It can be one of life’s greatest challenges to know when it is time to let go and allow "death" to claim whatever is being embraced.  Meditation on the Death card may allow you to discern if, and when, it is time to let go, to mourn and grieve if necessary, and prepares you to be open to whatever is next.  The Death card may guide you through a loss or sorrow so that you will not dwell on it excessively. 

If you are in the midst of a difficult life challenge, the Death card may also represent the process of spiritual purification in which you gain a deeper understanding of the love of a higher force.  That is, often during times of adversity, you may be called to turn to a higher force to guide and sustain you.  The Death card challenges you to expand your spiritual beliefs, allowing more of Spirit to touch and heal you.  It also holds great hope--the hope that you can start over, embark on a new journey.  As we are purged of the old, we are lighter, more receptive--we are freed of the past, ready to start on a new course.

As the year 2004 draws near, the meaning of the Death card, and the hope it carries for transformation for humanity, seemed a good topic for Tarot Passages.  The global conflicts and potential for terrible consequences keep us in a constant state of anxiety.  Are we at a turning point for humankind?  Are we able to release the old ways of dealing with conflict?  Can we hope for a spiritual renaissance, a spiritual revolution?  Is the shift in consciousness that our planet desperately needs ever coming?  Will this shift elevate Homo Sapiens to another evolutionary level?  And if so, what exactly is this shift, and how can we as individuals contribute to the evolution of our species as spiritual beings? Many spiritual leaders believe that there is a spiritual revolution and transformation at hand.  Carolyn Myss states that our spiritual journey is about “breaking our allegiance to human reason and entering into divine order.”  Marianne Williamson says, “We are now experiencing an alteration of collective consciousness . . . a spiritual renaissance is sweeping the world . . . it is a revolution in the way we think.”  Williamson believes that for many this spiritual revolution represents a “yearning for the mind of humanity seeking its source.”  It is a shift in our understanding of who we are and what our purpose is on earth.  And in that shift, we see a reversal in our focus, away from the external chaos and confusion toward the internal values of love and Spirit.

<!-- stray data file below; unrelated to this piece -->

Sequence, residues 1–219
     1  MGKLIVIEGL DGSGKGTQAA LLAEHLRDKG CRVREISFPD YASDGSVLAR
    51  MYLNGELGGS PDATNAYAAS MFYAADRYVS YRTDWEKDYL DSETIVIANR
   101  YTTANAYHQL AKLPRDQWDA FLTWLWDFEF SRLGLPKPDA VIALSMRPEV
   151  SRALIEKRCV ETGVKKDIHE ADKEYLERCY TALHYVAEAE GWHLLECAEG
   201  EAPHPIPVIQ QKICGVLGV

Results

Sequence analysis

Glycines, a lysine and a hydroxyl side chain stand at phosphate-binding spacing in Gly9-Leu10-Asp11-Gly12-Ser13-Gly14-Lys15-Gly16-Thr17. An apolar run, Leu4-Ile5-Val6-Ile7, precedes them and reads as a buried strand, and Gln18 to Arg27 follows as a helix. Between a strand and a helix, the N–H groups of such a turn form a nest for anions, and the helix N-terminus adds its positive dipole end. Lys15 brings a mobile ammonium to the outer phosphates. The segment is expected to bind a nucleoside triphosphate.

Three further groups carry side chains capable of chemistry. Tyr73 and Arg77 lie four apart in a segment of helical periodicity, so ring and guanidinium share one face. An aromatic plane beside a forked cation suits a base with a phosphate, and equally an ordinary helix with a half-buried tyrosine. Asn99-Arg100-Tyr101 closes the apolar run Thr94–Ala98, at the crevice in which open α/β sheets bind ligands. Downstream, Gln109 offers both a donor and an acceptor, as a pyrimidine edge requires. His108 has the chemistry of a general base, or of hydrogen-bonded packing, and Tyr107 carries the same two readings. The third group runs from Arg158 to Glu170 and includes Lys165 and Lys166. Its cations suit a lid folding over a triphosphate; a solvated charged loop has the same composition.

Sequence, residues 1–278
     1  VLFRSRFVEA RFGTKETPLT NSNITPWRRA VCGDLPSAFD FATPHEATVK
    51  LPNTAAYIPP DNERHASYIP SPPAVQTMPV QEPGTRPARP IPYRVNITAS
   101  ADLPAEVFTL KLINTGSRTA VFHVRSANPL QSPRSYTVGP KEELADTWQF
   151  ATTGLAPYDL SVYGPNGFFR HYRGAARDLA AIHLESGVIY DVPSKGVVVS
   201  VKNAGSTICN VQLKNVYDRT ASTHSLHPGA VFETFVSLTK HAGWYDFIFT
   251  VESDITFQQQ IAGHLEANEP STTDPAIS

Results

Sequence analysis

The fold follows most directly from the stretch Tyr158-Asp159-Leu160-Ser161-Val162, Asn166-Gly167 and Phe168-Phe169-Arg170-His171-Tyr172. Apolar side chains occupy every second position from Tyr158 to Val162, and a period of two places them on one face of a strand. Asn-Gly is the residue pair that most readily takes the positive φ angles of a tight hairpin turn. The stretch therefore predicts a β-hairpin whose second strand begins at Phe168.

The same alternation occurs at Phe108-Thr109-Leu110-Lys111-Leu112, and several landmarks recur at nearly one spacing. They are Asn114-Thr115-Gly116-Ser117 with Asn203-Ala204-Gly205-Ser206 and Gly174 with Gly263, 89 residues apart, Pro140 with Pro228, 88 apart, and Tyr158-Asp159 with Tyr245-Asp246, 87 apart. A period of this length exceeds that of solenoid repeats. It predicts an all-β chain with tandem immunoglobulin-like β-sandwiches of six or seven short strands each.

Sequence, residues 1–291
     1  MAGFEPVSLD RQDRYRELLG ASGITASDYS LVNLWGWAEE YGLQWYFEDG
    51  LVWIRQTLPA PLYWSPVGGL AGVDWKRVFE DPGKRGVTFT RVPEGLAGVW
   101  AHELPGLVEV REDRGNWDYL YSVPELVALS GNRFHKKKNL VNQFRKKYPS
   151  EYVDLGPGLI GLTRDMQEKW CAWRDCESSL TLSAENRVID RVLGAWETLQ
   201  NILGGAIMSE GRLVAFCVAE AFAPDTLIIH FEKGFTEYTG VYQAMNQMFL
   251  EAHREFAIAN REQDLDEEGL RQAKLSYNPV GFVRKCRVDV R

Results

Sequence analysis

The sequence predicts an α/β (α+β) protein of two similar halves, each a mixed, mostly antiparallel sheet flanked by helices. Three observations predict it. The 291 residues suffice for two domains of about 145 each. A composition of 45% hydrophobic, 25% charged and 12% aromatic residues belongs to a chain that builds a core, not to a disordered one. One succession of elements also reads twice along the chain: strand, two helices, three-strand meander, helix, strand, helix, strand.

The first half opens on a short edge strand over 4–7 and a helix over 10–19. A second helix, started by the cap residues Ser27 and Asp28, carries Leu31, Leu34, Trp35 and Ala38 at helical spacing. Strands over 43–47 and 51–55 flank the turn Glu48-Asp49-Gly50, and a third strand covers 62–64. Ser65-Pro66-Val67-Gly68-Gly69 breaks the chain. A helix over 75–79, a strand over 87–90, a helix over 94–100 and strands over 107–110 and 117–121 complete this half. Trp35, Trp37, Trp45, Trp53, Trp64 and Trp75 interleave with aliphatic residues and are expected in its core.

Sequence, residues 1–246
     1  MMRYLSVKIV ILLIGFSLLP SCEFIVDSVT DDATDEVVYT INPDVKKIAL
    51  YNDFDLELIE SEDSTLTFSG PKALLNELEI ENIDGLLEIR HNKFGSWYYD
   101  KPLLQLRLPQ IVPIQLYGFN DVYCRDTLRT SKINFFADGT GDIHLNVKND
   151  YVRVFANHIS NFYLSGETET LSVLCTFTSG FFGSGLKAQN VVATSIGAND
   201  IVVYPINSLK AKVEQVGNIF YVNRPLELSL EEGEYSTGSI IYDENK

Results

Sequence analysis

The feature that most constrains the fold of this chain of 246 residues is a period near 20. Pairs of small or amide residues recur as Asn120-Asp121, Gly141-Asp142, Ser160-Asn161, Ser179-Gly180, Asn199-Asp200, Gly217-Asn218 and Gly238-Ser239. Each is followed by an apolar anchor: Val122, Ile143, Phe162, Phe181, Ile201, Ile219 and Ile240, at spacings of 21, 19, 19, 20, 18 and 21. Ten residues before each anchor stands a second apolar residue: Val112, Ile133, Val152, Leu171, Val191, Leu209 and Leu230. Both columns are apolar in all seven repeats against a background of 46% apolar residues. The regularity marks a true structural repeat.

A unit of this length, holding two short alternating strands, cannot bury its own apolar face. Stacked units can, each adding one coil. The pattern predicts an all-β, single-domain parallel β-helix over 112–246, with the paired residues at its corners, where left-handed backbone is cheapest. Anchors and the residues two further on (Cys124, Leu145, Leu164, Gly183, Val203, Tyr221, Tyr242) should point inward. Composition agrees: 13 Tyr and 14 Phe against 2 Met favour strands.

This “consciousness reversal” is certainly implicit in the Death imagery.  It conveys the possibility of a very different view of any situation and provides a fresh perspective.  Like the Hanged Man, the Death card’s imagery suggests that a complete reversal of our normal perceptions is needed.  Perhaps the transformation that we seek and that we need will come from turning away from the material world and looking inward to the Spirit that resides within each of us.

The darkness of winter is upon us; we have pause to contemplate death's message.  As we hunker down into the chill, Nature reminds us that death is part of the cycle of life.  All the signs of winter, the bare trees, the raw cold, the barren terrain may keep our spirits at bay.  But we can keep Death's emblem of transformation in our hearts, allowing it to remind us that there is a sunrise in the horizon and it holds the promise of a new dawn. 


Geraldine Amaral is the author of Tarot Celebrations:  Honoring the Inner Voice, publisher of Celebrating the Tarot Journal and creator of Tarot 1-2-3, a tarot instructional video.  For a complimentary copy of her journal, ordering information about her book and video, to see her class schedule in the Washington, DC area, or to obtain information about the Washington, DC Tarot Society, please visit her website. She can also be reached at 703-671-7421 or via email.


Article © 2003 Geraldine Amaral
Death images are as follows: Blue Rose Tarot © 2001-2003, Ator Tarot © 2003 Robin Ator, Mermaid Tarot © 2003 Lo Scarabeo, and Hudes Tarot © 1997 US Games
Page © 2003 Diane Wilkes